• The Cubs over the Padres: Zambrano is the perfect pitcher to be the spoiler. Stauffer has been good, but Zambrano beats him.
  • The Angels over the Athletics: Santana has finished strong. He beats Anderson.

And the Game of the Day

  • The Red Sox over the White Sox: Buchholz beats Buehrle in the balled of guys who spell their name funny.

Yesterday: Does the Fan have to type this?  [sigh] 4-11
Week: 4-11    It's not fair to have to type that twice.
Month: 183-169
Season: 1300-990
Games of the Day: 82-75

This Season's Finish Full of Drama

The ending of this season has more twists and turns than a San Francisco street. There. Wasn't that a cute analogy? It actually kind of makes you want to ralph. But anyway, the home stretch has been crazy. The Padres are dead. Wait. The Braves can't beat the Nationals as they walk the farm. The Red Sox are dead. Wait! If they beat the Yankees on Sunday night, they are only four games back! The Colorado Rockies are dead. Wait!. Yeah, they are pretty much dead. The Rays are going to come in first. Wait! The lead is back down to a half a game.

The Red Sox almost made it interesting in the wild card race. Dice-K had the Yankees looking foolish all night and held a 1-0 lead off of a gutty Phil Hughes, an unexpected starter who took Moseley's place in the rotation. But then A-Rod hit a bomb to give the Yankees a 2-1 lead. The great Mariano Rivera came in to face the bottom of the Red Sox order which seemed like a lock. But Rivera wasn't invincible (and rarely is against Boston) and he gave up two runs to give the Red Sox a 3-2 lead. Then Jonathan Papelbon, pitching what may be his last meaningful game in a Red Sox uniform, came in to shut down the Yankees. Jeter flew out and it looked like the Yankees' September not to remember would continue. But Swisher got a hit. Teixeira got a hit. Both were pinch run for. A-Rod got a walk. Robinson Cano, who never delivered in moments like this last year, hit a single to tie the score and the Yankees still had the bases loaded with one out. Just a sacrifice fly would end it. But Posada struck out and Berkman flew out and it was on to extra innings.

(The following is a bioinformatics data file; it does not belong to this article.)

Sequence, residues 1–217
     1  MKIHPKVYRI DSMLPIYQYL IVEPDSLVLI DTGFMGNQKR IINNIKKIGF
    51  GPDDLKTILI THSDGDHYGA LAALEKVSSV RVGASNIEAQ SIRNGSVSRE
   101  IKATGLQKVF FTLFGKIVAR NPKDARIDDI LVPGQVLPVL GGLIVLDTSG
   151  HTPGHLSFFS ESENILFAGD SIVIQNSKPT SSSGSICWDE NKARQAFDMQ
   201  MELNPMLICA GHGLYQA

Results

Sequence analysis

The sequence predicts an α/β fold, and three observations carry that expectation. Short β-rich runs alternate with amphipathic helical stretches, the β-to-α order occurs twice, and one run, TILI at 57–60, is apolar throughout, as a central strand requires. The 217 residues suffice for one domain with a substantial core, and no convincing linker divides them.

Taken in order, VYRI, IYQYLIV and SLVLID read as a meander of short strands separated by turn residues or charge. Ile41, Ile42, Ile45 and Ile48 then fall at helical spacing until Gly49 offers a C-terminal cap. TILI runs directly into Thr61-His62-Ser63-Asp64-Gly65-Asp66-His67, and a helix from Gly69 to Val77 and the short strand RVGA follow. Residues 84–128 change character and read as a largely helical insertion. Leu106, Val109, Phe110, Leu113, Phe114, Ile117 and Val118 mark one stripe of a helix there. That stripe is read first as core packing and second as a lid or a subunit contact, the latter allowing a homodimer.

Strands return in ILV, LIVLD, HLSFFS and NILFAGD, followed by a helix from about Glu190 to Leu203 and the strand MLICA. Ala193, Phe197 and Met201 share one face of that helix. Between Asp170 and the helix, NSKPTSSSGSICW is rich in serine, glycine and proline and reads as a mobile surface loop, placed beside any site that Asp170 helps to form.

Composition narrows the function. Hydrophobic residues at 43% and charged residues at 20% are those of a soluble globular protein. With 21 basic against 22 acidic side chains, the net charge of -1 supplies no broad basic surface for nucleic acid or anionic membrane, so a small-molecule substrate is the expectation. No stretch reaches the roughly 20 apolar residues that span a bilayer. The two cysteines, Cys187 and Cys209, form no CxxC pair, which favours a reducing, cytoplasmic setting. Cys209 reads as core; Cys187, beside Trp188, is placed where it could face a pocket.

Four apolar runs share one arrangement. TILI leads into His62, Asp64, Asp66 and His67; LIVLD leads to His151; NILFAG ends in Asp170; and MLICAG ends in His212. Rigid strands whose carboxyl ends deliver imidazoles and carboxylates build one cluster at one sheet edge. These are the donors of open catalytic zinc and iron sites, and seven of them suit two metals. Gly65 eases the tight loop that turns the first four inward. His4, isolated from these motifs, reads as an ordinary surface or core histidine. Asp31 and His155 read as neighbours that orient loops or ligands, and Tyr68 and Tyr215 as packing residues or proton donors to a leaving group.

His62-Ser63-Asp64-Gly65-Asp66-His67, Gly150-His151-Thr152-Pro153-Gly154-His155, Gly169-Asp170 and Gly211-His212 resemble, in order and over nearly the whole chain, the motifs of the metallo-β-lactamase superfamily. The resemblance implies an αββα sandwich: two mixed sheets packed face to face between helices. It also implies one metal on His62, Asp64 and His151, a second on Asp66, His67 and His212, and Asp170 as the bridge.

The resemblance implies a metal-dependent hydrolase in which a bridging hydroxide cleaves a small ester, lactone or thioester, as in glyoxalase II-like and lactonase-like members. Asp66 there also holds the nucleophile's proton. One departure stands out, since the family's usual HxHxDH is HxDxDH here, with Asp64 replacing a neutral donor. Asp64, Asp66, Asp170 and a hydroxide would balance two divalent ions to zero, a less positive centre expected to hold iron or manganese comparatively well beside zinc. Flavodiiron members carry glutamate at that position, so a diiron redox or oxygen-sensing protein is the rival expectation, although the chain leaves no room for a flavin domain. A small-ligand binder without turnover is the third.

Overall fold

Joba Chamberlain and Boone Logan tag-teamed the Red Sox in the top of the tenth and the Red Sox brought in Okijama who couldn't do anything right and the Yankees won a game that was as thrilling as any these two teams have ever played. But the loss most likely put the Red Sox in their okijamas for the off season as the Yankees only have to win one more game to clinch the wild card. While that is questionable in itself these days, they should at least win one of them some time this week.

Another twisty and turny area of contention is the home field advantage in the AL playoffs. The Yankees and then the Rays held the best record, but the Twins roared into that parade and it's pretty much a dead heat right now. And believe the Fan, nobody wants to give the Twins more games at home than on the road. The Twins won their 52 game at home on Sunday, which is as remarkable as Bautista's 52. If the Twins get home field advantage, the Fan is going to give them an edge in the playoffs.

You have to give credit to the Giants. They went into the lion's den in Colorado and took three out of four to close out the Rockies and put themselves in excellent position to take the NL West. Matt Cain pitched his heart out on Sunday to give the team that big edge. He was fantastic and pitched a complete game when Brian Wilson was gassed beyond fumes.